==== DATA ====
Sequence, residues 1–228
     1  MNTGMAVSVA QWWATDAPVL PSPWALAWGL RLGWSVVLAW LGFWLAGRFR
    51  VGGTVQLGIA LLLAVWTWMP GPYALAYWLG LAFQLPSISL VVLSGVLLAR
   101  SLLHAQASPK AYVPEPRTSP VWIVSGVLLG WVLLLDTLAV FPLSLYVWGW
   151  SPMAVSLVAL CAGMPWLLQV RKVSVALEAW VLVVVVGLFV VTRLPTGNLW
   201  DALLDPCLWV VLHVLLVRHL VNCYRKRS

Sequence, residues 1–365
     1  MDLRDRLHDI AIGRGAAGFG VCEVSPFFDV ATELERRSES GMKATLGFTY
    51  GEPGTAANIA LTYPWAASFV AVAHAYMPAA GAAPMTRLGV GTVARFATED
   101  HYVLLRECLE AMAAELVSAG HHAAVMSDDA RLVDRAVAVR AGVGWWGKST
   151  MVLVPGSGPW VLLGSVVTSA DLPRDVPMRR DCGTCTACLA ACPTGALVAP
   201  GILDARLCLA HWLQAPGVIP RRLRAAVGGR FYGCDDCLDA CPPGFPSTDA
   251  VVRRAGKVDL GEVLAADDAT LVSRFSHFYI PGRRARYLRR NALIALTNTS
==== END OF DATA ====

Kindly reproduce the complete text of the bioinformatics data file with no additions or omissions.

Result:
Sequence, residues 1–228
     1  MNTGMAVSVA QWWATDAPVL PSPWALAWGL RLGWSVVLAW LGFWLAGRFR
    51  VGGTVQLGIA LLLAVWTWMP GPYALAYWLG LAFQLPSISL VVLSGVLLAR
   101  SLLHAQASPK AYVPEPRTSP VWIVSGVLLG WVLLLDTLAV FPLSLYVWGW
   151  SPMAVSLVAL CAGMPWLLQV RKVSVALEAW VLVVVVGLFV VTRLPTGNLW
   201  DALLDPCLWV VLHVLLVRHL VNCYRKRS

Sequence, residues 1–365
     1  MDLRDRLHDI AIGRGAAGFG VCEVSPFFDV ATELERRSES GMKATLGFTY
    51  GEPGTAANIA LTYPWAASFV AVAHAYMPAA GAAPMTRLGV GTVARFATED
   101  HYVLLRECLE AMAAELVSAG HHAAVMSDDA RLVDRAVAVR AGVGWWGKST
   151  MVLVPGSGPW VLLGSVVTSA DLPRDVPMRR DCGTCTACLA ACPTGALVAP
   201  GILDARLCLA HWLQAPGVIP RRLRAAVGGR FYGCDDCLDA CPPGFPSTDA
   251  VVRRAGKVDL GEVLAADDAT LVSRFSHFYI PGRRARYLRR NALIALTNTS